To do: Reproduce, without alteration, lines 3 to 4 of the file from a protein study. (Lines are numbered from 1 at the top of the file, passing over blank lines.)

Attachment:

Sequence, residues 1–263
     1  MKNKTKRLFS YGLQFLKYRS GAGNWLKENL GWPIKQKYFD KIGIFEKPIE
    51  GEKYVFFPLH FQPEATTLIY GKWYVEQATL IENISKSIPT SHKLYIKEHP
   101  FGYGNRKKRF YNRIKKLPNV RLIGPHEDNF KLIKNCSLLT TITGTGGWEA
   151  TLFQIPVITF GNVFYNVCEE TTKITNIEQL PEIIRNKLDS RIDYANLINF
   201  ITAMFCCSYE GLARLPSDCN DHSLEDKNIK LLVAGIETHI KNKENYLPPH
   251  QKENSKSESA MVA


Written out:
    51  GEKYVFFPLH FQPEATTLIY GKWYVEQATL IENISKSIPT SHKLYIKEHP
   101  FGYGNRKKRF YNRIKKLPNV RLIGPHEDNF KLIKNCSLLT TITGTGGWEA